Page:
Two weak positive results for Covid-19 detected in Wellington's wastewater are likely to have come from recently recovered cases continuing to shed the virus, the Ministry of Health says.
In a statement released this afternoon, the Ministry of Health said there was one new case in managed isolation since its last update on Friday.
It said regular wastewater testing was being carried out in Auckland, Wellington, Christchurch, Rotorua, Hamilton and Queenstown and on Friday ESR (Institute of Environmental Science and Research) reported a weak positive test result from a sample taken in Wellington.
A follow-up sample taken yesterday also returned a weak positive result.
"Based on our experience, it is most likely that the two weak positive results are due to recently recovered cases continuing to shed the virus," the ministry said.
"In recent weeks three recovered cases who live in the Wellington region have left the Auckland quarantine facility. A further historical case left a Wellington managed isolation facility the same day the second sample was taken.
"Additionally, it is possible that one or more recently recovered cases from elsewhere could have flown into Wellington."
To help rule out undetected Covid-19 infections, the ministry said anyone with symptoms - especially in the Wellington region - should get tested promptly. This advice also applies to recent visitors to the Wellington region.
There are testing sites in Wellington central, Porirua and the Hutt Valley.
The ministry said further wastewater samples in Wellington were being tested.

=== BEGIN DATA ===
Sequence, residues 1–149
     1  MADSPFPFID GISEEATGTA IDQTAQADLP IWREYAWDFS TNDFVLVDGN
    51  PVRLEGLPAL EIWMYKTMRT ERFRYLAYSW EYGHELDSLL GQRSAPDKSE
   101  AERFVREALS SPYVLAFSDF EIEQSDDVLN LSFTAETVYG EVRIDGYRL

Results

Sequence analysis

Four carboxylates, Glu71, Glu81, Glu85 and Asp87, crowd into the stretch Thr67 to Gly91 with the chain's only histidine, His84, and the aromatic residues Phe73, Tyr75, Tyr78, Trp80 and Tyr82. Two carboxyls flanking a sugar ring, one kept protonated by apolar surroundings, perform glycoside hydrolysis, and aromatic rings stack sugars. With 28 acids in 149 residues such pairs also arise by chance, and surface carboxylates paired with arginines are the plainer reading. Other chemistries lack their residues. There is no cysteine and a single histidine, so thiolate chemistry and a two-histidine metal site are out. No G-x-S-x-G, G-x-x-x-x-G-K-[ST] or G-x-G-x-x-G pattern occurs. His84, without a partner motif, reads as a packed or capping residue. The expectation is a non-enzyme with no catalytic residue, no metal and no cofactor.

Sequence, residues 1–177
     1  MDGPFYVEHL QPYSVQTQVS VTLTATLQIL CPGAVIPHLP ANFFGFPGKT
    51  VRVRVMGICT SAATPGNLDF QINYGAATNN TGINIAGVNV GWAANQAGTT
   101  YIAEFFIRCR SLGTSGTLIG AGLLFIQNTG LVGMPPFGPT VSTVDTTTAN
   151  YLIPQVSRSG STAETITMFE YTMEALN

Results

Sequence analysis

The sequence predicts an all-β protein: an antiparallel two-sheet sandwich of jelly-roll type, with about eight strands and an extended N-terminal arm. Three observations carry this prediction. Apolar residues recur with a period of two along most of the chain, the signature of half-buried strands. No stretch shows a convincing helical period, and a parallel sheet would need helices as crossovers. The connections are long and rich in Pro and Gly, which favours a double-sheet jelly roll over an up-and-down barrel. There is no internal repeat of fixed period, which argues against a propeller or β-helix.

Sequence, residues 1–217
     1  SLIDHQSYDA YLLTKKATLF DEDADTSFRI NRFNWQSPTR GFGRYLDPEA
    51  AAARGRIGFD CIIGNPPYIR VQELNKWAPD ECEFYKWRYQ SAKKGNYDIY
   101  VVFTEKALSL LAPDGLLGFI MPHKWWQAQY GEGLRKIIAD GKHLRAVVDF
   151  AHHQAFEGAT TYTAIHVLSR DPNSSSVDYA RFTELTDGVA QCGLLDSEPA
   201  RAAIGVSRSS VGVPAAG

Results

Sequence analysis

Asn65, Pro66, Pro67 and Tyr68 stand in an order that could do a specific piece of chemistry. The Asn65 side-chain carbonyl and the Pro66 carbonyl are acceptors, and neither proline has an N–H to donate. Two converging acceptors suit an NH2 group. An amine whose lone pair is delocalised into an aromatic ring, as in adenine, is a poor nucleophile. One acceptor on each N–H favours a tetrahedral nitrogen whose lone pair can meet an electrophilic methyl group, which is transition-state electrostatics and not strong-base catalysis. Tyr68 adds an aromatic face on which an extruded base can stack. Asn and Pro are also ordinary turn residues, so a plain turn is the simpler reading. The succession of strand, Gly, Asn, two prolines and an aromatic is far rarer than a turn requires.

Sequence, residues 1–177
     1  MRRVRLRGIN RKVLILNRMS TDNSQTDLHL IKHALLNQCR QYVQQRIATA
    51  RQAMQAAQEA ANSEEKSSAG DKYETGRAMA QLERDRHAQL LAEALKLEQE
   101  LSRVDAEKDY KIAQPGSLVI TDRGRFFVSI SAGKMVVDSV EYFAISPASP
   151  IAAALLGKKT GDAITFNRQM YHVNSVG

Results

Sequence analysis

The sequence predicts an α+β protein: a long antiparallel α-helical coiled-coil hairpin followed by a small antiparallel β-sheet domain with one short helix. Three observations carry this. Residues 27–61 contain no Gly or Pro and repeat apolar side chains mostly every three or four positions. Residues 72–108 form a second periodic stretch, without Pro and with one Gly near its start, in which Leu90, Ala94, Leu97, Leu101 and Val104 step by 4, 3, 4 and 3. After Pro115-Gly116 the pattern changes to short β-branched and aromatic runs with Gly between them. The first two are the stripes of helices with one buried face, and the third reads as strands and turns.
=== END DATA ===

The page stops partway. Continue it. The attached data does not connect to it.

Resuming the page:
Today's single new imported case was a person who arrived from the USA on 10 May.
There were no new cases in managed isolation reported in the last update from the ministry, with just one historical case reported.
There are 19 active cases of the coronavirus in New Zealand and a total of 2290 confirmed cases.
Professor Michael Baker from the University of Otago has welcomed the wider use of wastewater testing as an additional form of Covid-19 surveillance.
He told the Science Media System that it can help detect cases early on before they have grown into large outbreaks.
"A much more important question about wastewater testing is how it is performing in detecting true Covid-19 positive cases in the community, which is the sensitivity of the system."
He said with incidents of community transmission over the last few months, notably the Valentine's Day outbreak in Auckland, it would be helpful to know if wastewater testing had detected these incidents and the timing of the detections.
This information would help determine the likely future role of wastewater testing.
"For example, it may be that we need to invest more resources in this system so that it can perform at the level needed to provide consistent and sensitive early outbreak detection, particularly in the regions where outbreaks are most likely to occur," Professor Baker said.